As the old saying goes – history repeats itself and this is no different when looking at the history of SEO and the digital marketing field – although the tools might be new and evolving the one aspect of digital marketing that remains constant is change.
The history of Search Engine Optimisation (SEO) allows us to chart the main developments associated with it’s constant evolution – during which these four pillars of SEO stood the test of time –
Four Pillars of SEO
Generally the evolution of SEO so far has highlighted these four key areas when it comes to SEO key factors:
- High quality content – original and unique content that meets the needs of the search engine user
- On-page factors optimisation – accurate structuring of data on a page around a specific focus keyword, for example page title, page description, page URL and heading 1 – amongst others factors
- Off-page factors optimisation – relevant quality links and social media signals that endorse a page authority
- Technical factors optimisation – use of meta-data and set up of content and website architecture to communicate effectively with search engine robots to highlight what and how information should be indexed
With the wider adoption of search engines as one of the main tools to navigate the vast information resources available to us on the world wide web it is important to note that this subject area is still at an early stage of development.
So, when did search engines become a highway for commerce?
The 1990’s saw the emergence of mainstream search engines which inspired the need for content providers to make their digital profiles search engines friendly. The year 2000’s saw a major consolidation post the Dot Com bubble and now the big players are ultimately dominating the market – in the 2010’s.
In 2016 the majority of developed economies are using search engines as the highway for commerce in particular Europe, North America and Oceania / Australia. The following table highlights the top 10 developments in the early history of SEO and how these impact on the practices today.
Top 10 developments in the early SEO history and their consequences
||Search engines features||SEO consequence|
|1990 – 1993||
||Slow updating and importance of being listed in a directory. Manual directory submission was needed to be listed and included in the list of search results. This was the start of Quality Content and Off-page Optimisation factors.|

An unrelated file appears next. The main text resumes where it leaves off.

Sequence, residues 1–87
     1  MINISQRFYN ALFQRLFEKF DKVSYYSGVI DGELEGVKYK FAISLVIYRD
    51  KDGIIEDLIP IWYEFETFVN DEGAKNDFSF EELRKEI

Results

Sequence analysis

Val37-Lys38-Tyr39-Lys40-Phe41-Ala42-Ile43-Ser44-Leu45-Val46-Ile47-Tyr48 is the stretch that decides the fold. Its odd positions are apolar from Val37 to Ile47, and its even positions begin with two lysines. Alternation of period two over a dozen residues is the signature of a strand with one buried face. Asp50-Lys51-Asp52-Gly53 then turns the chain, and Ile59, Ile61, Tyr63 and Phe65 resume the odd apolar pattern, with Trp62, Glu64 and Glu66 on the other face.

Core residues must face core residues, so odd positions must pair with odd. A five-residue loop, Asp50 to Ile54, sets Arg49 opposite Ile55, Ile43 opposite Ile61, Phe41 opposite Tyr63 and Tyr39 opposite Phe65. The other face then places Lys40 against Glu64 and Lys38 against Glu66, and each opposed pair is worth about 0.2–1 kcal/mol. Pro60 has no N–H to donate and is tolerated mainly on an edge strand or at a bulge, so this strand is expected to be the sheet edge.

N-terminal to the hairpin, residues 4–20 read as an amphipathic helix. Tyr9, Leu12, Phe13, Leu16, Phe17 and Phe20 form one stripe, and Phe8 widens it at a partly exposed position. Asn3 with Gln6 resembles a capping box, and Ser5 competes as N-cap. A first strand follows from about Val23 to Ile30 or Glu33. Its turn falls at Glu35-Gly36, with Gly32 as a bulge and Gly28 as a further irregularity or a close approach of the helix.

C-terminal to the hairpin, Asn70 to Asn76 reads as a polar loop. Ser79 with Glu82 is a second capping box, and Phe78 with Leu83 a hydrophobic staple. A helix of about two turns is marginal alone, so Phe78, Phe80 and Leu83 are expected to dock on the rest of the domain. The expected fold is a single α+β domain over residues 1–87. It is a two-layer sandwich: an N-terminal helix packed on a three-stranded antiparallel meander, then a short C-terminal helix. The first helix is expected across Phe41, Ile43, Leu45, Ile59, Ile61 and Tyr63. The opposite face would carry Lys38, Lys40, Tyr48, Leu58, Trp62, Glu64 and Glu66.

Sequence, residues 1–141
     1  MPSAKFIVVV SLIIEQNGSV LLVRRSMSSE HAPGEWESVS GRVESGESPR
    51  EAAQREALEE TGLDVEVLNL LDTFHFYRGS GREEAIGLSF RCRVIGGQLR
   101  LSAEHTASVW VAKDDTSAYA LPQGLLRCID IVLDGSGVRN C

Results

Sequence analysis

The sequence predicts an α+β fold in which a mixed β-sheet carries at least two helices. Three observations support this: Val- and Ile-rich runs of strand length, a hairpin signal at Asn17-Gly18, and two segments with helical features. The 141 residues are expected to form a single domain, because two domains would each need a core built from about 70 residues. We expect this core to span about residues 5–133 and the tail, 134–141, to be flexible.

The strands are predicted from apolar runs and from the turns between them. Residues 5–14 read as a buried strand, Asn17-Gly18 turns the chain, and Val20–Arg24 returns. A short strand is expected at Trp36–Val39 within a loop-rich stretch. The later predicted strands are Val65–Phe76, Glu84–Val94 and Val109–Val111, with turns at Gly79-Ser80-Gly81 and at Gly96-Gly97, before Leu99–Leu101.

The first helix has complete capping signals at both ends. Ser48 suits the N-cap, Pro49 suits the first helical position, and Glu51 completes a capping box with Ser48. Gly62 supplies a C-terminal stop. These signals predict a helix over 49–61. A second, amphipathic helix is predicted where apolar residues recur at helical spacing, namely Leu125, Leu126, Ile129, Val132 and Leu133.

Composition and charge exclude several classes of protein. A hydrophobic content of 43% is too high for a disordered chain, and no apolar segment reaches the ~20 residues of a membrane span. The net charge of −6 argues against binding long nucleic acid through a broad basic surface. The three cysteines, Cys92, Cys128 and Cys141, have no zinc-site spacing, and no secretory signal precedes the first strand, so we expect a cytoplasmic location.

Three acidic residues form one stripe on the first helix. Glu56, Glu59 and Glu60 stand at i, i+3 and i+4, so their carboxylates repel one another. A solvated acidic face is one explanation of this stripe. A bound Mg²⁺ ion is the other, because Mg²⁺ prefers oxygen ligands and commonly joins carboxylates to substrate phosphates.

|1994 – 1995||
||Still relying on the directory submission model, the importance of a well crafted page title and description are increasing. First On-page optimisation factor development.
The idea of relevance of the content in relation to the search results is becoming important.
First attempts on using robots.txt a website can tell a search bot which pages to visit and which to ignore from its search index. It is time of one of the first technical optimisation factors.
|1996 – 1998||
||The importance of web links from authoritative web pages is becoming apparent. Link exchange schemes are used to increase the number of incoming links to a website.
Paid option of SERP advertising is becoming an option and PPC as a model for instant results is becoming a reality.
Open directory requires webmasters to be precise and focused in writing a title and description tag for their web pages.
|1999 – 2006||
||Still relying on the organic search engines listings the importance of PPC as a long terms strategy is increasing since more organisations want to see results on their online investment fast.
Increasingly two way link exchange is becoming less popular. Directories submissions are still important.
||Now, additional information can be encoded into a web page which gives your pages a potential to be displayed better in SERPS. For example a review rating could appear with stars associated with your link.|
||SEO impact is twofold – for when conducting SEO for an individual and their personal data is indexed in SERPs which is inaccurate, inadequate, irrelevant or excessive.